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Will Admiral Collingwood Place Be An Icon or A Monster?

Posted by Sherry Rioux on November 27, 2011

Emotions are running high in Collingwood, AGAIN, in regard to the Admiral Collingwood Place development slated for the corner of Hurontario and St. Marie Streets in the downtown core.  The site is located at the southern gateway into the Heritage Conservation District.  (Patience, we’re getting to some pictures in a sec.)

This contentious site was once home to the town’s original high school which was built in 1874 and then rebuilt after a fire in 1925.  It eventually became an elementary school which many of today’s local residents fondly recall having attended.  In 2003, a new school was built on another site and the existing property was sold to local developers.

In 2005, the developers applied to change both the Official Plan designation and zoning by-laws for the lands to permit a retirement facility and  a six-storey, mixed use, residential/commercial building.  There was significant public opposition as the site is located within Collingwood’s Heritage Conservation District which basically restricted new projects to having a form, scale and height of existing buildings along Hurontario Street with building heights to be a maximum of 11 meters or, 2-3 storeys in the Downtown core.  Despite this restriction and despite a heritage impact assessment saying the building did not conform, the council of the day gave their approvals to the plan.

An appeal to the OMB (Ontario Municipal Board) was launched by a ratepayers group (full disclosure:  I was integrally involved) and during that time, a new council was also elected.  The new council DID NOT revoke any development approvals however, they did over turn the previous council’s approval of the Heritage Impact Assessment, thereby nullifying the basis of the appeal to the OMB.  They subsequently negotiated a compromise with the developer allowing a 5 storey building with the 5th storey set back from the road to reduce impact on the streetscape.

Reportedly due to economic times, the development did not proceed beyond the digging of a large and unsightly hole on the site.  The public became increasingly agitated and a sentiment to see it built in some form took hold.  Another election was fought and a new council now took on the political responsibility for seeing the project move forward.

This is a long and complicated story with many twists and turns but in a nutshell, the developer, knowing he had a sympathetic council, came back to the table with a proposal for a 6 storey, plus partial 7th storey altered plan to be approved.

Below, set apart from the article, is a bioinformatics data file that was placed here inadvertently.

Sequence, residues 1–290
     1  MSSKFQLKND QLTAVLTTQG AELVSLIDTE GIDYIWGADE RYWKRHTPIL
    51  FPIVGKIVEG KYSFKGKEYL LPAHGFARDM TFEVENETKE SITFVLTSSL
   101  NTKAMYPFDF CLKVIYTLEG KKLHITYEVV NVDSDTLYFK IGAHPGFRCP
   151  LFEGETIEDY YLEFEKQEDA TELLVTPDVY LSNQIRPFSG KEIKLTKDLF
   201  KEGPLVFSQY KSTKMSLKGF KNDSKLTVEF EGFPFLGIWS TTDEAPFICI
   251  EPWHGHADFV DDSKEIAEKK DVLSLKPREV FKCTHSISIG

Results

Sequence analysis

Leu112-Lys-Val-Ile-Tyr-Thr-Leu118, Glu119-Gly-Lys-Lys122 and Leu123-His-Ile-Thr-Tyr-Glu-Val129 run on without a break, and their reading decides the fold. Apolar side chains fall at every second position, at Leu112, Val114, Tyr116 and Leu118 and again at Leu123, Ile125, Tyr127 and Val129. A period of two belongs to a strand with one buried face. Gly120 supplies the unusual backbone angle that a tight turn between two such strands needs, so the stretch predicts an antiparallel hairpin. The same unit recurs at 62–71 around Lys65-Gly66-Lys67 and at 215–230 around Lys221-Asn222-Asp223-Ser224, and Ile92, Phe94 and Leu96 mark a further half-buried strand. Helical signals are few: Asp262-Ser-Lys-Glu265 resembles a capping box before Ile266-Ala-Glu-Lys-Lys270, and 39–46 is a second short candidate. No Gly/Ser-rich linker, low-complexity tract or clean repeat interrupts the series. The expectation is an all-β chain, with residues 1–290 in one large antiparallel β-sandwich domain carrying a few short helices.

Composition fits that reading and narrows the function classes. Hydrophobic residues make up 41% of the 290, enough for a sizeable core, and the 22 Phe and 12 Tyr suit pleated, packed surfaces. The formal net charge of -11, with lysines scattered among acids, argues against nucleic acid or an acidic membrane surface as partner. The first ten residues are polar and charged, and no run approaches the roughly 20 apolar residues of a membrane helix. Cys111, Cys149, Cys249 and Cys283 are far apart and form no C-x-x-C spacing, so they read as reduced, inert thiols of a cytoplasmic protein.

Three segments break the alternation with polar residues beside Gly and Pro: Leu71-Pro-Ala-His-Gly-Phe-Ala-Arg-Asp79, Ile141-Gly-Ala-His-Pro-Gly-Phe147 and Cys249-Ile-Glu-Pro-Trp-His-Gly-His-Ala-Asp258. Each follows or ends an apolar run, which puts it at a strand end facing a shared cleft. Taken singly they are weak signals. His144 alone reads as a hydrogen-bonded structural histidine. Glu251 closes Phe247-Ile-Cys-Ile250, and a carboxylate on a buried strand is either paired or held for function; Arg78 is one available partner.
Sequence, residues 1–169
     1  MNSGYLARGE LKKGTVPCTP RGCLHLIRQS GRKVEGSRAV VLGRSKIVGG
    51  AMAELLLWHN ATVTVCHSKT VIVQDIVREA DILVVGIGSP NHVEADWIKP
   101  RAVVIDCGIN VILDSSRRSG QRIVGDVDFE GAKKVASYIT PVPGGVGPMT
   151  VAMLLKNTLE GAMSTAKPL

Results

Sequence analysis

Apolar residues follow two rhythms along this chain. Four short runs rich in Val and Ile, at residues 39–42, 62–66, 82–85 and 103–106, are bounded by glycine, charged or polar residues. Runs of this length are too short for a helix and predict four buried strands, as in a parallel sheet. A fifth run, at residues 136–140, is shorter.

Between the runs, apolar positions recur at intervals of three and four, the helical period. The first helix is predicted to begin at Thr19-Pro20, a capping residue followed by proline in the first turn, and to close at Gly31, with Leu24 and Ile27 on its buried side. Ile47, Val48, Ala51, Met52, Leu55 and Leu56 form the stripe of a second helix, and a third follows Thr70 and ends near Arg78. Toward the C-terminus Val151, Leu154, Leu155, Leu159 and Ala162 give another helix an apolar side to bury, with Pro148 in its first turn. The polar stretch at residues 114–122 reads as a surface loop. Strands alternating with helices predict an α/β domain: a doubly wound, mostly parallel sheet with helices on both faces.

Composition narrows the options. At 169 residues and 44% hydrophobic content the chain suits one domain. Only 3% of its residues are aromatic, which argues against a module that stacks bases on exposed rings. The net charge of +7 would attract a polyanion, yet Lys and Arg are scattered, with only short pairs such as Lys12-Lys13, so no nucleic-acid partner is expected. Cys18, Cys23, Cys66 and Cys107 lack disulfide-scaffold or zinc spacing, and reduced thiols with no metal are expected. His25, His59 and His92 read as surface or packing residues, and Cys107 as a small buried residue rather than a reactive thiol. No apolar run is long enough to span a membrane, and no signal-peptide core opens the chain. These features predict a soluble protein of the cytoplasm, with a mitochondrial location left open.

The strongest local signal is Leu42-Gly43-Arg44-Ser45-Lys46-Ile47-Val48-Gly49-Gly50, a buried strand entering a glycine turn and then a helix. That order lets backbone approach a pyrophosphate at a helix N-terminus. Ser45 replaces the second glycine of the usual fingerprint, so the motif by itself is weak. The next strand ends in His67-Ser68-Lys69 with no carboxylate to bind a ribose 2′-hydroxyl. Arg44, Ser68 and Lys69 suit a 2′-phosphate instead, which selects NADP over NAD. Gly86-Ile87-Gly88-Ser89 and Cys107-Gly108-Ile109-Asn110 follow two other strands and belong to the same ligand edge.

Public emotion is again raging and passionate.  There are those who wish to see this project built at any cost and, there are those who fear it will jeopardize the existence of Collingwood’s respected Heritage Conservation District.  In the last week, the discussion seems to be turning toward the design of such a massive building on a prominent site.

Here is a rendering of what the developer has proposed:

Here is an excellent example of a new condominium being built on a very similar site in Etobicoke. In my view, there is simply no contest as to which one stands out as an iconic, heritage style building:

This week-end, I received an anonymous email with several mock-ups attached that show the scale and density of the existing proposal.  The writer refers to the proposed structure as a “monster” and says, “The look and feel of a town is very delicate and a sense of place in one’s mind is easily destroyed.”  I would certainly agree and share the same sentiments.  The writer also attached a number of “professionally generated images” of the building to give people a perspective on just how much this will change our sense of place:

 The Town is holding a public meeting on December 5th to discuss amendments to the Heritage District which would allow the present plan to proceed.  It is sure to be an interesting evening.

One thought on “Will Admiral Collingwood Place Be An Icon or A Monster?

  • Norm
    on December 1, 2011

    Isn’t that what Chris Carrier was trying to explain right from the beginning? People wanted answers but refused to understand that he was not trying to shut down the project, but figure a work around for it before any more money was sunk into it from the investors.

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